For most people with children who are going through a divorce, the primary concern is the child(ren). New clients will sit in my office and tell me with speficity what they want (or sometimes don’t want) when it comes to custody and visitation. It is often the only issue they can effectively communicate their exact needs and wants about at an early stage of the process.
I know this is not limited to my experience. I know that my family law colleagues share similar stories and experiences. When two parties cannot agree on what is best for their child(ren) they leave the decision in the hands of the court, specifically a judge. That judge, without really knowing the parties on an intimate level, without really knowing the kind of people or parents they are, more likely than not without having met the child(ren), are oftentimes faced with the hardest decision in any case. During my clerkship I often heard the family part judges commiserating over tough decisions regarding custody and visitation. It is a decision no judge should take lightly.
A recent unpublished Appellate Division decision reminds us about the gravity of these decisions and that judges, although granted great discretion, must follow certain protocol. In the matter of M.H.S. v. L.G.S., the Husband filed an action for divorce after a 1 year marriage. The parties had a 1 year old child. Shortly after the initial filings, Wife filed a motion seeking, along with other requests, sole custody of the child and allowing Husband only supervised visitation. Wife alleged that Husband was addicted to pornogrpahy with an incestuous theme and that he was abusing prescription drugs. During oral argument of the motion, the Husband refused to be supervised and stated that he would not see the child until the court proceedings were completed. Both parties were present but neither provided testimony. The judge issued an Order on those applications which in part referred the matter to DCPP (“Division of Child Protection and Permanency”) to investigate the allegations, required the parties to select a parenting/custody expert, and directed that a plenary hearing would be scheduled as soon as possible following the expert’s report. The judge who entered this Order was eventually transferred and a new judge took over the matter. The parties never obtained a custody/parenting time expert and the court never followed up on this issue.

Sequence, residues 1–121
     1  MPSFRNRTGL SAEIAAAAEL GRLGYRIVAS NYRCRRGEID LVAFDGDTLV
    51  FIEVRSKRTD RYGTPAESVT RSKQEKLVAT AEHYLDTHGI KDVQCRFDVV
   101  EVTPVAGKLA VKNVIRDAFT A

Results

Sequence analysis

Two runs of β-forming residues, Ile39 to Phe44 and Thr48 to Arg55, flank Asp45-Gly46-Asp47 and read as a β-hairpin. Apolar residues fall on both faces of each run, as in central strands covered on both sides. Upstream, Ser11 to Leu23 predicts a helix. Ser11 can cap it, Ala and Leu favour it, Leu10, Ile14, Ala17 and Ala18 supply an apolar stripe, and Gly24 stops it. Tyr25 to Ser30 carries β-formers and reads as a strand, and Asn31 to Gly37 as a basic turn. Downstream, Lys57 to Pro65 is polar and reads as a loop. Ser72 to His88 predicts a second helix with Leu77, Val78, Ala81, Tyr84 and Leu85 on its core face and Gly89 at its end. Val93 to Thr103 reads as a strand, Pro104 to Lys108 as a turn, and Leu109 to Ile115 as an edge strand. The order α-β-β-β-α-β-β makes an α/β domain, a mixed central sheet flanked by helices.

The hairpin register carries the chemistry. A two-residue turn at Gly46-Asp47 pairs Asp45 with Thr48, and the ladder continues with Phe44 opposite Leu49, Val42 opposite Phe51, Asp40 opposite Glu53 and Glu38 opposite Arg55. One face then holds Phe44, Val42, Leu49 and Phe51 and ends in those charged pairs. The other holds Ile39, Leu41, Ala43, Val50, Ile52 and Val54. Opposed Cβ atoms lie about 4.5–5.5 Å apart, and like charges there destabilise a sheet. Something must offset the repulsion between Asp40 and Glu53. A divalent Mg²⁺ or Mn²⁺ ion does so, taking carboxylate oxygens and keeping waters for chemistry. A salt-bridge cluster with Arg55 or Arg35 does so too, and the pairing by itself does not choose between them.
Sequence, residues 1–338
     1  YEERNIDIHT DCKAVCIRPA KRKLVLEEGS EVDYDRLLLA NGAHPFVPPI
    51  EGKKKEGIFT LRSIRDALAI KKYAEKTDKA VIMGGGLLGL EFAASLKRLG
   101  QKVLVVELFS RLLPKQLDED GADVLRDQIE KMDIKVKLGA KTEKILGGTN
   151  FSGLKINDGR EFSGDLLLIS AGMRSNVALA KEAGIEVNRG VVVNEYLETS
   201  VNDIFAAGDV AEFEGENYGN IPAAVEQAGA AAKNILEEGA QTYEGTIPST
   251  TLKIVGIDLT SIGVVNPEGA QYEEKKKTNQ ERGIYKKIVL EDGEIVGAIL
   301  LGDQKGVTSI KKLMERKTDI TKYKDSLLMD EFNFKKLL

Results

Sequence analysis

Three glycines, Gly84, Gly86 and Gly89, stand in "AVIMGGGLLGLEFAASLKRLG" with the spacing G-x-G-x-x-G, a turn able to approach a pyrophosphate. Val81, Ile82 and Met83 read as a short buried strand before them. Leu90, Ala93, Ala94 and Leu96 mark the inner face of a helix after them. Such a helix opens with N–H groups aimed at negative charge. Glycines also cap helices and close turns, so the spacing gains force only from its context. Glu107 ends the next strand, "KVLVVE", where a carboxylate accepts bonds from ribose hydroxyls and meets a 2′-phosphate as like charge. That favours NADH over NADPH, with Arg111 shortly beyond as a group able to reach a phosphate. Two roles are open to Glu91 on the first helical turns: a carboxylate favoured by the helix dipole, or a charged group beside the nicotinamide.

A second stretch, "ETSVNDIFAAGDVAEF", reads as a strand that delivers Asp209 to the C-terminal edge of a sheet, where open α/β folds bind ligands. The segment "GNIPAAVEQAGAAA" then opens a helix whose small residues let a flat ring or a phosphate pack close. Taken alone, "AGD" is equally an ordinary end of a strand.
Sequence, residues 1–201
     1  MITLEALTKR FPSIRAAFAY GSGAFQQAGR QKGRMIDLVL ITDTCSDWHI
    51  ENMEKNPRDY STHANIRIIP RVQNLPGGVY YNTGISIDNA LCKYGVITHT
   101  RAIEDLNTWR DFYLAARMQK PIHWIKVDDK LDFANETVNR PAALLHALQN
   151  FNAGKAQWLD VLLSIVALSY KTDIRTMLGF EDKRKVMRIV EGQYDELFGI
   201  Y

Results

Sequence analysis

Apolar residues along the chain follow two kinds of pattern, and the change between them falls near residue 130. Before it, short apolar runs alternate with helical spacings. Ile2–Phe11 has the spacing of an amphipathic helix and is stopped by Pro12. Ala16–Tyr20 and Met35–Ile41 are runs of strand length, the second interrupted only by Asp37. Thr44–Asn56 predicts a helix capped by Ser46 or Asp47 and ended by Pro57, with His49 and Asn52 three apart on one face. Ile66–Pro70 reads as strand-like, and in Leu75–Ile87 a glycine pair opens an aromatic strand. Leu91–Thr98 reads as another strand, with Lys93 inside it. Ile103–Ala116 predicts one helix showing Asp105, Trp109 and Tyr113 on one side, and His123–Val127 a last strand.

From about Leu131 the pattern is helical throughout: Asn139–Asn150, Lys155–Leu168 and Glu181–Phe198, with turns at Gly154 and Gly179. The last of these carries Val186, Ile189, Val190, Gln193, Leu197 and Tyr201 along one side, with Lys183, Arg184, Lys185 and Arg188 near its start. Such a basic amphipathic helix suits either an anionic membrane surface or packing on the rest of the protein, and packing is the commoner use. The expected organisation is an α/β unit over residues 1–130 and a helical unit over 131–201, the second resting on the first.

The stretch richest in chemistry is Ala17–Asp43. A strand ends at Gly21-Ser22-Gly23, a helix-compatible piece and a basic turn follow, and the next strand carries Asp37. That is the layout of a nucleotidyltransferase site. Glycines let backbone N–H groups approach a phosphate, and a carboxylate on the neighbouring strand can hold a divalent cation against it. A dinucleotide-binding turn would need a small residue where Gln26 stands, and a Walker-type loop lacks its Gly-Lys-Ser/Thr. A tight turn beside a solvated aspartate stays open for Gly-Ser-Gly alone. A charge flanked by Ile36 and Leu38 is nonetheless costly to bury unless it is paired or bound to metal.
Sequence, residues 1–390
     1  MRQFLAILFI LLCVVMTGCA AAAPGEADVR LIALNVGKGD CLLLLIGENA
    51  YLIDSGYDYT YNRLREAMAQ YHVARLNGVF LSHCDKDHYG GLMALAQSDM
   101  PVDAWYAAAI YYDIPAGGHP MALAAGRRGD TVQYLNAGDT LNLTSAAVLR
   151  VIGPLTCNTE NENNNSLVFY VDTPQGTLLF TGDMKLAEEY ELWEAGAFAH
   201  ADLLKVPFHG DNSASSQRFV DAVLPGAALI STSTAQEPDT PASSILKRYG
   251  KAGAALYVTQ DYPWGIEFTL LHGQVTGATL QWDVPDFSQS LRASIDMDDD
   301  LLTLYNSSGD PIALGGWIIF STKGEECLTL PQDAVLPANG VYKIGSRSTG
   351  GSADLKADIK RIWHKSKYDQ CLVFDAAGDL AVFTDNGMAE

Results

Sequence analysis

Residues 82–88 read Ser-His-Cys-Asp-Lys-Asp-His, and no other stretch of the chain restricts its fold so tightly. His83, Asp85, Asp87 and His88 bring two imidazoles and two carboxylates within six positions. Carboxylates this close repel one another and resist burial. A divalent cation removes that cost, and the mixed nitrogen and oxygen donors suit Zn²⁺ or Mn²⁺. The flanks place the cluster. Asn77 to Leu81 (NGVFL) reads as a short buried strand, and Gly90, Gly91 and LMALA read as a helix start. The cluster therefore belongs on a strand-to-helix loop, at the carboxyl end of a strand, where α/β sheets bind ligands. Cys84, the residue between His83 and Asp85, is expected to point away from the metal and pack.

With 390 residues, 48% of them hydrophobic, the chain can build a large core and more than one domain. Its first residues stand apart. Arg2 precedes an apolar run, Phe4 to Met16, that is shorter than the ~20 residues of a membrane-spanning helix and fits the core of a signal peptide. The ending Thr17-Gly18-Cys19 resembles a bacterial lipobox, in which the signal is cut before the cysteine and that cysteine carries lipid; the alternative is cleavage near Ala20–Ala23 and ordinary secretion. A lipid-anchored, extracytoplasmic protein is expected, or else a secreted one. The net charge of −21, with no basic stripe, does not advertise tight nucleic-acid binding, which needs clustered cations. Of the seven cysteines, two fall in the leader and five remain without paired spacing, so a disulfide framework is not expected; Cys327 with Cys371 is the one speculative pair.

The Wife was also ordered to provide DCPP and the court with information detailing her accusations of pornography addiction. She did so and provided snapshopts of the photos and websites found on the family computer using a spyware software program. The Wife’s certification also provided specific instances of prior conduct by the Husband toward the child that she viewed as unusual and indicating a risk of sexual misconduct. DCPP issued 2 reports to the court, neither of which made an findings specifically related to the Wife’s allegations of Husband’s addiction to pornogrpahy with an incestuous theme.